How to Not Make Bad Decisions — Avoiding Scammers and Manipulators

This post explores the ins and outs of critical thinking, deductive reasoning and discernment, issues that should concern everyone in the voting booth, on a jury and to protect both heart and checkbook in personal and business relationships.

In my intuitive healing practice, I help people identify and heal the vulnerabilities that make them susceptible to illness as well as emotional scammers and financial predators like Donald Trump. Trump, a narcissist with a very long video and audio taped, public record documented rap sheet of lying, stealing, scamming, (Trump University) and other nefarious behavior, basically scammed his way into the Oval Office. He told his conservative base what they wanted to hear on topics important to them to get elected and once in office is doing mostly the opposite. He conned them.

Subsequently the national conversation, or should I say divisive slugfest, has focused on how and why Trump was able to lie his way past voters who should have known better.  (The KKK influencers, Nazis and alt-right/alt-white racist haters are beyond reason and I’m not referring to them here.)

Scams and Scammers: Are you easily manipulated?

Most people would say no, and most people would be wrong. That’s because scammers, whether they’re after your retirement account, your vote or your heart, are experts at discerning and exploiting your vulnerabilities. Vulnerabilities are fears, concerns and potential weaknesses, and a good scammer can assess yours with the single-minded stealth of a lioness stalking her prey.

Street criminals, pedophiles and con men (confidence men—they gain your confidence/trust) are highly intuitive and very skilled at psychological assessment. First, they spot a vulnerability and do a test-run on your boundaries, tossing out bait you’re likely to take– “this private investment is 100% safe and provides triple the market returns!” Then they pause. If you don’t take the bait, they don’t give up, they just switch the bait until you take it, then reel you in. People with personality disorders– sociopaths, psychopaths and narcissists– as well as slick advertising thrives on seductive manipulation and propaganda.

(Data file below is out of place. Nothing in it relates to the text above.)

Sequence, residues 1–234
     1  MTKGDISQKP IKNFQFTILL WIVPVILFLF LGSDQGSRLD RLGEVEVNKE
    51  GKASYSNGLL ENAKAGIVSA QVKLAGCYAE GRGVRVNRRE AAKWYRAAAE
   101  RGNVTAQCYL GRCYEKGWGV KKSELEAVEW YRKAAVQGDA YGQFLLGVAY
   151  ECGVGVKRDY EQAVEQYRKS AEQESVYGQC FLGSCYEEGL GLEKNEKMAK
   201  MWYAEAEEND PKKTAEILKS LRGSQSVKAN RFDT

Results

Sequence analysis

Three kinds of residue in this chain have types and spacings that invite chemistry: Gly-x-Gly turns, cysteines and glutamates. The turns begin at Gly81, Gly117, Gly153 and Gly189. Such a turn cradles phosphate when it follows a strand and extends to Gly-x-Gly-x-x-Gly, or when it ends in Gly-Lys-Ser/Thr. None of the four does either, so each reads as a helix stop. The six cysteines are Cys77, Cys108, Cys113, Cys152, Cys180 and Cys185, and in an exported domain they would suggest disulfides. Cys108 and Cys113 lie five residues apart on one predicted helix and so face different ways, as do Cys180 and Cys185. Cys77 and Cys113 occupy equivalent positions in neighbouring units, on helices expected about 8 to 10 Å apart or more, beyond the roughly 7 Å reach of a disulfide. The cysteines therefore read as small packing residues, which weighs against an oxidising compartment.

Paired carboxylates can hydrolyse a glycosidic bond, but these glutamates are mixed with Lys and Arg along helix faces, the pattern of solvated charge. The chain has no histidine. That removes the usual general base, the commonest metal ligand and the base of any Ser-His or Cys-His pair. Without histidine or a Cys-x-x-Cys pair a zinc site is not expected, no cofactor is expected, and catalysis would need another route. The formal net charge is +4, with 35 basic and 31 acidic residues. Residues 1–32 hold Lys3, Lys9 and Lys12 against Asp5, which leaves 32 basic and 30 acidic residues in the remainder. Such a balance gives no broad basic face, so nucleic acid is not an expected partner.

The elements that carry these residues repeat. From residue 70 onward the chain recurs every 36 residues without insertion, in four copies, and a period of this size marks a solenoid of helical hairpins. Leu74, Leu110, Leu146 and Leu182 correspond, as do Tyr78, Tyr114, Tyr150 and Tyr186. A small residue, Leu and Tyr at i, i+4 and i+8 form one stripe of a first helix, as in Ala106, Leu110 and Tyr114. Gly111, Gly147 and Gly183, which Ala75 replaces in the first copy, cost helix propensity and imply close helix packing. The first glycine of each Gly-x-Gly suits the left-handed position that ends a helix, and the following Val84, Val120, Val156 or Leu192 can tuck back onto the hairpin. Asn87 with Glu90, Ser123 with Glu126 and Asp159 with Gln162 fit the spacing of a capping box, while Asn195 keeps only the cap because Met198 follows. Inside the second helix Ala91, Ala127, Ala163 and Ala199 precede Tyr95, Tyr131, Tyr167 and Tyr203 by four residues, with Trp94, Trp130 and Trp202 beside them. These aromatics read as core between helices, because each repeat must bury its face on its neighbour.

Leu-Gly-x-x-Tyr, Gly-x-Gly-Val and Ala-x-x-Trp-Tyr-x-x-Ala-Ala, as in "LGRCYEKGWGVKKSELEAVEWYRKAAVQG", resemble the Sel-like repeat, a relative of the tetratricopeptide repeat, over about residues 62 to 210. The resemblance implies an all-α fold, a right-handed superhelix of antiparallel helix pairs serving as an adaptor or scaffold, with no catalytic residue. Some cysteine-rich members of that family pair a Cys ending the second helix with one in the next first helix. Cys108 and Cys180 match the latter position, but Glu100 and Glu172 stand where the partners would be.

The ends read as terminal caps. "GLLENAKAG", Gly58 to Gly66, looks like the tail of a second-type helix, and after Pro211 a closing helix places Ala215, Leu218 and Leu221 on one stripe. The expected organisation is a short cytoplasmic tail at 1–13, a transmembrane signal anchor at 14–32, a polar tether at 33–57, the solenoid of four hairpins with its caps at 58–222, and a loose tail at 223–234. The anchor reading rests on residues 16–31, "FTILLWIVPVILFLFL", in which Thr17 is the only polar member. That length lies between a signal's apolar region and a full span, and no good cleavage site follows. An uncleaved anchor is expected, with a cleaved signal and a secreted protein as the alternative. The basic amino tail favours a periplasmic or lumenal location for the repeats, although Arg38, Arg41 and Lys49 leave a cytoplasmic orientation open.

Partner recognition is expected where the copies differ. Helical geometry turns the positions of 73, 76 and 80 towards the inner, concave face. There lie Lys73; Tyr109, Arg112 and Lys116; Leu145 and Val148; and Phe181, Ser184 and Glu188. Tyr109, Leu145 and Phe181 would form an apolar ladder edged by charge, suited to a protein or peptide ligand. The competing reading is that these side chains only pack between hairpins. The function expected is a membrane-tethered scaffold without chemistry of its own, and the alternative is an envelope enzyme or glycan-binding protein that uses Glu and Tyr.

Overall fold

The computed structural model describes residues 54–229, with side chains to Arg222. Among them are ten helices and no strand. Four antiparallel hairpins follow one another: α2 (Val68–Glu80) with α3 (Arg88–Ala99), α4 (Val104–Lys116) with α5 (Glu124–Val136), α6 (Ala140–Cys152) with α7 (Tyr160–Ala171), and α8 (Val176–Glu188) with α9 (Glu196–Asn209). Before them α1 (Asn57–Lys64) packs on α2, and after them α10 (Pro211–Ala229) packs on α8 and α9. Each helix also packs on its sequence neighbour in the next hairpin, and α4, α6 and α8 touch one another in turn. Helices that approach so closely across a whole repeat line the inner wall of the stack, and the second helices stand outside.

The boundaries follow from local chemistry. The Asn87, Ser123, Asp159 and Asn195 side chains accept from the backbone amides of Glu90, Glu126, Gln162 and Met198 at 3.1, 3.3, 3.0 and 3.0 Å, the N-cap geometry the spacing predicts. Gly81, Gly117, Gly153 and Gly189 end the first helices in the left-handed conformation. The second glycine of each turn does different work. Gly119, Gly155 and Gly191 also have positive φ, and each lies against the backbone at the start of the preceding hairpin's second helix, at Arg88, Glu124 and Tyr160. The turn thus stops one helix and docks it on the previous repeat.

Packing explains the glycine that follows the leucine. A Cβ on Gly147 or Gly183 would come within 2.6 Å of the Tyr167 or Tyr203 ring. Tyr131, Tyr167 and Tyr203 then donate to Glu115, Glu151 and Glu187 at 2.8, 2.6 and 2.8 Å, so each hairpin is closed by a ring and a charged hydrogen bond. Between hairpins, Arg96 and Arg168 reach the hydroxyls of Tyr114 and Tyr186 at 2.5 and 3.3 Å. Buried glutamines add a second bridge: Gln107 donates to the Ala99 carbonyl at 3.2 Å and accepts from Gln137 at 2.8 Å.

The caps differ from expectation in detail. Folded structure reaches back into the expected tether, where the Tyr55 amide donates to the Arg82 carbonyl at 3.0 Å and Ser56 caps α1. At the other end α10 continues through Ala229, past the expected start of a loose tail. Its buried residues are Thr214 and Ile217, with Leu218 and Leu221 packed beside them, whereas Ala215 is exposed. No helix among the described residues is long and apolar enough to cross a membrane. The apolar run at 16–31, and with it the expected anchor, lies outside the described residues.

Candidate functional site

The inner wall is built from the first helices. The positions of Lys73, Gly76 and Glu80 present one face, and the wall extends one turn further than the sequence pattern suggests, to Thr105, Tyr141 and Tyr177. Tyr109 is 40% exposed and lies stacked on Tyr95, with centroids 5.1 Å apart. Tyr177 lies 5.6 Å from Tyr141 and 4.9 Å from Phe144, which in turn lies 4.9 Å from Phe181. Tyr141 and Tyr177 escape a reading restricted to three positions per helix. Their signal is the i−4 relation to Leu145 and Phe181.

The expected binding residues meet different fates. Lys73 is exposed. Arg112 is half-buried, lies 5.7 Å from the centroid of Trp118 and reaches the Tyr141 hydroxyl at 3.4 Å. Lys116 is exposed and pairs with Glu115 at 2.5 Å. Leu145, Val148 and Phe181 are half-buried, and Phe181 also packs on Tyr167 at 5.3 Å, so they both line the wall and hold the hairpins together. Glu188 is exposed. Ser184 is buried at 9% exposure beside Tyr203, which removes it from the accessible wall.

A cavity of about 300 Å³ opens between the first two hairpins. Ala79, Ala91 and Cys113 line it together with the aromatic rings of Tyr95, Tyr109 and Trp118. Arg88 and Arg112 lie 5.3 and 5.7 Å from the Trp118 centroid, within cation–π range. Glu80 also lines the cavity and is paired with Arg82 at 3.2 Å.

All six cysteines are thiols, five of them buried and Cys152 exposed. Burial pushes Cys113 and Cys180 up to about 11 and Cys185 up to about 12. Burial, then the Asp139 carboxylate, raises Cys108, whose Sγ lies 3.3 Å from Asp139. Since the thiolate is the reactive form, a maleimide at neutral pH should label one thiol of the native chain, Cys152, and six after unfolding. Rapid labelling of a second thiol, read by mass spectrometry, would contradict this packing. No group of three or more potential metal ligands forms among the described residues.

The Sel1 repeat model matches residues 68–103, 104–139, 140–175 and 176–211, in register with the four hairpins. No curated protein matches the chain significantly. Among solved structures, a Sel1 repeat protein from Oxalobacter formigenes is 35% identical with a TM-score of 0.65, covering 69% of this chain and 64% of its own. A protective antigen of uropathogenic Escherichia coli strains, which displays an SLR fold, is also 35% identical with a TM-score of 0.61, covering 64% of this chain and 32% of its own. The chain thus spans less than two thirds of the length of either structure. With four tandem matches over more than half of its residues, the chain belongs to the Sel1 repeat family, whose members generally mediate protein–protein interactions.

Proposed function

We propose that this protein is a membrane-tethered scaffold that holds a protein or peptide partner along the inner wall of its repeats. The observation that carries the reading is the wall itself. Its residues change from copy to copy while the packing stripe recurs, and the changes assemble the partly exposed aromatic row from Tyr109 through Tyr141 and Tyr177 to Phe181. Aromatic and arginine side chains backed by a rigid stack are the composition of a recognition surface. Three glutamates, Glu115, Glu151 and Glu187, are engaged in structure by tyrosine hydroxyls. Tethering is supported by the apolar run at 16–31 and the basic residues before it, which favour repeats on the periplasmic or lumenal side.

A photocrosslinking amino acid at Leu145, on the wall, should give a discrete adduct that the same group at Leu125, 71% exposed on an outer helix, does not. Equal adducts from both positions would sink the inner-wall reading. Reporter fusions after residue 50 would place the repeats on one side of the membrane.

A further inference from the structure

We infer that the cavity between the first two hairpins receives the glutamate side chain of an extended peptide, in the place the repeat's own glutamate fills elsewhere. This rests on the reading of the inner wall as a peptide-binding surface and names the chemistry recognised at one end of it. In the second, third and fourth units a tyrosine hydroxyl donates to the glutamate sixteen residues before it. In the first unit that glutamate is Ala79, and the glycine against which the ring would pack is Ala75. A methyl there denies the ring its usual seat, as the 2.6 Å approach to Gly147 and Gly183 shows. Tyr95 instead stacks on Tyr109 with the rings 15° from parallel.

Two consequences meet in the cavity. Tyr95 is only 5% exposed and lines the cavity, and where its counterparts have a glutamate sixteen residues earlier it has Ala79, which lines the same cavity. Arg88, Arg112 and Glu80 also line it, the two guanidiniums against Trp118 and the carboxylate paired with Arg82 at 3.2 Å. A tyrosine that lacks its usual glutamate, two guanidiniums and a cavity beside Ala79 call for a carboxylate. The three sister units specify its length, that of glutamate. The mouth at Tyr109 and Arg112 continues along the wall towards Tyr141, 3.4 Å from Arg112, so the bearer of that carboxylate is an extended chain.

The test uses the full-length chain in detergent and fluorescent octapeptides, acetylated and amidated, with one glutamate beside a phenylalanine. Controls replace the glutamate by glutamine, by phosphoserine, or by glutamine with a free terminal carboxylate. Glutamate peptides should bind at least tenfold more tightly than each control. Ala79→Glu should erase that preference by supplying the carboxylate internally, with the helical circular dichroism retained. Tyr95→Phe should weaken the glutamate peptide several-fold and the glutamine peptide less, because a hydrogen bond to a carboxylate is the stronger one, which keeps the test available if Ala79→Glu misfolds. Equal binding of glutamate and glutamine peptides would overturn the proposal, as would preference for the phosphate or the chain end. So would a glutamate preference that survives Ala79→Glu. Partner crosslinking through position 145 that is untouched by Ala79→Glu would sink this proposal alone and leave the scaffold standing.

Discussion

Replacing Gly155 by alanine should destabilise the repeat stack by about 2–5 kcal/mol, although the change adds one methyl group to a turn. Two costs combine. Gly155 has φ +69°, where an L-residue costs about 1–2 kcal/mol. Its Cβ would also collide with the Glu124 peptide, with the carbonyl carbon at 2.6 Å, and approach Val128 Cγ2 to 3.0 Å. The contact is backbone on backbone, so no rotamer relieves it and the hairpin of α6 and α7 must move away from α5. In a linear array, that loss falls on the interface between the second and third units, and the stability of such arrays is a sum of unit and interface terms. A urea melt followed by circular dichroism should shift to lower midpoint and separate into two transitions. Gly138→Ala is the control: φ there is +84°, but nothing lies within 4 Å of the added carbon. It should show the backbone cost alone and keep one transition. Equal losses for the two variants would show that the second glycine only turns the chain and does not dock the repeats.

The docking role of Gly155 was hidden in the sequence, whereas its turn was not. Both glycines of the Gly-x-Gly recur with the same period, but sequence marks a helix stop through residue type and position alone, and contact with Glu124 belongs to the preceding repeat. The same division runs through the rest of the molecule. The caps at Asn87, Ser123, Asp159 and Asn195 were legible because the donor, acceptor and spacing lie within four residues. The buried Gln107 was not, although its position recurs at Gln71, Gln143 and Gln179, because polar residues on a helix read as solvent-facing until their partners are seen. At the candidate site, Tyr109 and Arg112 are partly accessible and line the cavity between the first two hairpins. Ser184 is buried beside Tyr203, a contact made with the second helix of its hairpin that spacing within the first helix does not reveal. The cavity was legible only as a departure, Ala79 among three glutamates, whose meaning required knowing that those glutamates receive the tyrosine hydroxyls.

Three Effective Survival Skills Everyone Needs:

  • Critical Thinking: noun; “The objective analysis and evaluation of an issue in order to form a judgment.” It should be noted that “judgment” in this context is not the same as judging someone, which is deciding to shame them or make them wrong because they look different or think differently than you. In critical thinking, forming a judgment means coming to a conclusion that is based on analysis of facts, observations and other factors. Critical thinking and intuition is part of the internal radar that should go off when someone says one thing and does another, once or consistently.
  • Deductive Reasoning: A logical process in which a conclusion is reached based on “connecting the dots” that are reasonably believed to be true, aka facts. Deductive reasoning is the process of discerning that if it waddles like a duck and quacks like a duck, unless, the anxious skeptic would add,  it’s a person in a costume imitating a duck, it’s probably safe to assume it’s a duck.
  • Discernment: noun; “the ability to judge well.” Discernment is protective. When combined with maturity, gut level intuition and common sense, discernment produces excellent jurors. A good juror listens to the entire conflicting story presented by the prosecutor, the defense and the witnesses, some of which have personal agendas, then apply the jury instructions and the law to discern guilt or innocence. It’s an emotionally taxing responsibility in which discernment is absolutely required, along with critical thinking and deductive reasoning.

So here’s the deal: If it sounds too good to be true, it probably IS. When faced with a shark, do not attempt to outmaneuver it—get out of the water instead.